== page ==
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    Four Ways to Properly Control Your Clients’ Documents


      black_nightClients share documents with you in various ways, often via email or cloud document-sharing services. Once you receive the files, however, you gain the most control when you use an enterprise cloud collaboration application.
      Over the last year or two, clients have become increasingly comfortable with cloud services. They use them to share vacation photos, back up their iPhones, and even file their tax returns. Now more and more clients are using cloud services to share documents with their lawyers, including sensitive documents related to patent applications or lawsuits.
      But not all cloud collaboration applications are created equal. Popular consumer cloud services that your clients might use are not suitable for law practices because they lack the necessary controls and security. To better manage client files, look for an enterprise cloud collaboration application that provides four features: visibility into file activity, control over who can view a file, security, and convenient collaboration tools.
      Gain Visibility Into File Activity
      If you share a file with a client or co-counsel as an email attachment, you have no way of knowing who later views or forwards the file. The same is true if you use a consumer cloud application. In contrast, there are enterprise cloud collaboration applications that show every activity associated with a file. With this feature, you can see that Amanda Cho previewed the file at 12:04 p.m., downloaded it at 12:30 p.m., and shared it with William King at 8:00 a.m. the next morning.
      Assign Permissions
      There also may be certain files that you want to have tighter control over who has the ability to view and download, and for how long. Consider an early draft of a patent application. At first, you might want to limit access to your associates (not the client), assign a password to certain files, and allow only online previewing—not downloading. You may also want to stipulate that one or more files will expire from the site in 30 days, or even 1 day. Certain enterprise cloud collaboration applications provide this flexible control.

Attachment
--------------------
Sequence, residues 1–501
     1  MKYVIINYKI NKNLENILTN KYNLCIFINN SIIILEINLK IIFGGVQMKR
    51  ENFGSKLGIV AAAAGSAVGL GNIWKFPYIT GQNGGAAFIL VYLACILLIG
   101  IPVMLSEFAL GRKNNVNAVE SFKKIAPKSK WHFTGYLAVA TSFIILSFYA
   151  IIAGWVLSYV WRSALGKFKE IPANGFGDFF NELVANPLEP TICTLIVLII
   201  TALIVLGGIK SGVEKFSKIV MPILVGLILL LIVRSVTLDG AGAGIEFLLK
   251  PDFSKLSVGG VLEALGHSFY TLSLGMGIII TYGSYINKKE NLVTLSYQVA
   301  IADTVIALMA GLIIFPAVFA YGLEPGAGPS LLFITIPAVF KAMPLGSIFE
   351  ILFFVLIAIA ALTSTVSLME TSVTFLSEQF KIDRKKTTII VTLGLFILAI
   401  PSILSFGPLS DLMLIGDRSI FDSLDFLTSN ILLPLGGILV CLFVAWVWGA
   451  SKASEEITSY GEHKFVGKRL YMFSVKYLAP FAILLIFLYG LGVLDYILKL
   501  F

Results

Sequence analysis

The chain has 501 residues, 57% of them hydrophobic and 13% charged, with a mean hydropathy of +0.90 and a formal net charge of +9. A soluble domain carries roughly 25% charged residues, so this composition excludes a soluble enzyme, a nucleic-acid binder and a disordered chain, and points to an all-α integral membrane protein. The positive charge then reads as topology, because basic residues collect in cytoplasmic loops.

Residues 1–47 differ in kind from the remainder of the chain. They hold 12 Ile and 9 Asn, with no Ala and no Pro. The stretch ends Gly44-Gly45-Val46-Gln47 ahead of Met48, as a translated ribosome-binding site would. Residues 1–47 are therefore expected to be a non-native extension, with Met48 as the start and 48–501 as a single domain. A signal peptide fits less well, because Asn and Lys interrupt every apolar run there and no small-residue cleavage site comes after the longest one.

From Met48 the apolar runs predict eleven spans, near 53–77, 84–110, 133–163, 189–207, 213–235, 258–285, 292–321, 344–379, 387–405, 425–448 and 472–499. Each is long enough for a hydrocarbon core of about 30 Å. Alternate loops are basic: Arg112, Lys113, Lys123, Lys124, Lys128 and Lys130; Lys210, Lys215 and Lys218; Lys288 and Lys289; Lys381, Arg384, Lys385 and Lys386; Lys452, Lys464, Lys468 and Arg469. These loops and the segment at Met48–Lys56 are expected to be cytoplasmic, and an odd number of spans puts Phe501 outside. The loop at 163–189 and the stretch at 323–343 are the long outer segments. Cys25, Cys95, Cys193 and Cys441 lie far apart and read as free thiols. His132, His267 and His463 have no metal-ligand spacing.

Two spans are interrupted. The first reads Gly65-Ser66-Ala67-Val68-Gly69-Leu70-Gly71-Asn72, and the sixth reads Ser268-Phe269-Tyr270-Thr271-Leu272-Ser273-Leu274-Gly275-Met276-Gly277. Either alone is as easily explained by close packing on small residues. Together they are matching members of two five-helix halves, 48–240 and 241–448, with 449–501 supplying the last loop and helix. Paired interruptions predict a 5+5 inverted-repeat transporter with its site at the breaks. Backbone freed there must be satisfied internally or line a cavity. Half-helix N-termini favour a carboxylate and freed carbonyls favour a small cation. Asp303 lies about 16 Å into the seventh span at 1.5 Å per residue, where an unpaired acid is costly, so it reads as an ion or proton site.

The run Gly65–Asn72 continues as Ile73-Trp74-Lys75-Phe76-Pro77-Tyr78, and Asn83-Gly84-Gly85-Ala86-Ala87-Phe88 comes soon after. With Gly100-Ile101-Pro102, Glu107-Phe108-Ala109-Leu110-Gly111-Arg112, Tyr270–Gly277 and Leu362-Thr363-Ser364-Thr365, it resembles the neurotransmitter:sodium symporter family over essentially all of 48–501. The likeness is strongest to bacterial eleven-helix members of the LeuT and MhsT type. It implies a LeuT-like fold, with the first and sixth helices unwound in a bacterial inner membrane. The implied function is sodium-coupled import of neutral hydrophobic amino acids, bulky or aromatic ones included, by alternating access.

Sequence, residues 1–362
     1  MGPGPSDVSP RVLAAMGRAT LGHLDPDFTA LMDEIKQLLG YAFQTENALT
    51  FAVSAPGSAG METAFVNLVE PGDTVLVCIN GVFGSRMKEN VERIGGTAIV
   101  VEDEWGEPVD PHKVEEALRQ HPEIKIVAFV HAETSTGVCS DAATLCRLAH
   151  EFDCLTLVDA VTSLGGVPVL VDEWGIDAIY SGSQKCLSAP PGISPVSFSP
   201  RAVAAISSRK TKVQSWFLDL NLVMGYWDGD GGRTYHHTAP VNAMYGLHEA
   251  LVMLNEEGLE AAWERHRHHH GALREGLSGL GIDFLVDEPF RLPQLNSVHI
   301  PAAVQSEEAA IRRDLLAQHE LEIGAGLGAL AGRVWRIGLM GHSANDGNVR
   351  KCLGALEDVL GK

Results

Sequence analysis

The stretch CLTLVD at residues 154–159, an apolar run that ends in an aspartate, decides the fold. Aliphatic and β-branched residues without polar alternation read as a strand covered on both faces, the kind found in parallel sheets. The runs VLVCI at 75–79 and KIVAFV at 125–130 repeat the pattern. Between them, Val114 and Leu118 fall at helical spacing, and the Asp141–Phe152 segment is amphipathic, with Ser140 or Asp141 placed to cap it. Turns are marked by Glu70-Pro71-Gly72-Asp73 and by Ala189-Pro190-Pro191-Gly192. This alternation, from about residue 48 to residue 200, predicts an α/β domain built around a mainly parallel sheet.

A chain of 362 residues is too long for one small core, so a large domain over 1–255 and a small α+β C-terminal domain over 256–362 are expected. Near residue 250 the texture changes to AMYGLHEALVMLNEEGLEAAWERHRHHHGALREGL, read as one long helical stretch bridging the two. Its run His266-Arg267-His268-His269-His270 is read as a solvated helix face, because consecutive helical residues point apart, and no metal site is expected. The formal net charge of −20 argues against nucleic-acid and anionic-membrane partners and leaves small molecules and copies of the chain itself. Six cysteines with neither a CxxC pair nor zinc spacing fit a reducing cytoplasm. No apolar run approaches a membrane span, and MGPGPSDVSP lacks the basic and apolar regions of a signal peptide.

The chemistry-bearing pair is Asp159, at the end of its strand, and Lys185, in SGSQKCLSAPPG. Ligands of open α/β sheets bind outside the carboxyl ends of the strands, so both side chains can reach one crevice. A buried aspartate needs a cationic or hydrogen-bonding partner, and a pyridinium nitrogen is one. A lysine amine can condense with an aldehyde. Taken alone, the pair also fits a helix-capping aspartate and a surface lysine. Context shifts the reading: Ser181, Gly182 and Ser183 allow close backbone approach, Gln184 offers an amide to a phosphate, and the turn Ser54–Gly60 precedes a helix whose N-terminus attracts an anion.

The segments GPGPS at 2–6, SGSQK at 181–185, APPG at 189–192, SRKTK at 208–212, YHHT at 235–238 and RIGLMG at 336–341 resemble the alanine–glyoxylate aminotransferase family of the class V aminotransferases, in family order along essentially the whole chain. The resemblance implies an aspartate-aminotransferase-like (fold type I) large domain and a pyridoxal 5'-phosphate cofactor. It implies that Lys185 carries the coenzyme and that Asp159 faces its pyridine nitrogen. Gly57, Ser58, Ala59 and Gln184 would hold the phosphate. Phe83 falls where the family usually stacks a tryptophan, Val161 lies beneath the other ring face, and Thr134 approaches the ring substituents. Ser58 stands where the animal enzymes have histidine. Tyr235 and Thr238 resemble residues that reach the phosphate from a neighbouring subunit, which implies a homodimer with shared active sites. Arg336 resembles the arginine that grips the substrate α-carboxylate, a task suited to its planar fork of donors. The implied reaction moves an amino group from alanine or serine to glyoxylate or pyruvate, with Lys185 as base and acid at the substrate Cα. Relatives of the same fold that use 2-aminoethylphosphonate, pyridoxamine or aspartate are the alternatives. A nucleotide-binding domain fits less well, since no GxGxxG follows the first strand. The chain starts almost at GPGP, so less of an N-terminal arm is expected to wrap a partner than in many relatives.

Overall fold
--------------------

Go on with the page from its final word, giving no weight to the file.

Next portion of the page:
Protect Files with Security
      The gold standard for cloud services is to use SSL encryption when data is in transit and, if you’re storing documents or other archival data, 256-bit AES encryption for data at rest. Encrypting data in transit gives your firm and your clients the confidence to upload and download files even from public Wi-Fi hotspots. If someone intercepts the transmission at the airport or Starbucks, they’ll only see gibberish.
      If your practice requires it, look for a cloud collaboration application that complies with HIPAA (Health Insurance Portability and Accountability Act) and the HITECH (Health Information Technology for Economic and Clinical Health) Act.
      Simplify Collaboration
      Making it easier to manage document review is another reason to share files using a cloud collaboration application instead of email. Preserving draft history in one place saves time and lets you quickly see which version is most current. Some cloud collaboration applications even allow you to edit documents without the hassle of first downloading them and then opening them in a word-processing application.
      In summary, sharing files using an enterprise cloud collaboration application gives you tighter control over client files. There’s a good chance clients will continue to send files as email attachments or through consumer cloud services, but once you receive the file, moving it to an enterprise cloud collaboration application improves control, visibility, and security, and simplifies collaboration to make the most of your time.
      Nitin Gupta is the Professional Services Industry Lead at Box, the Cloud Collaboration and File Sharing Leader. Last week Legal Productivity’s parent company Rocket Matter announced an integration with Box that allows attorneys to associate Box documents with matter and bill for time worked on them.

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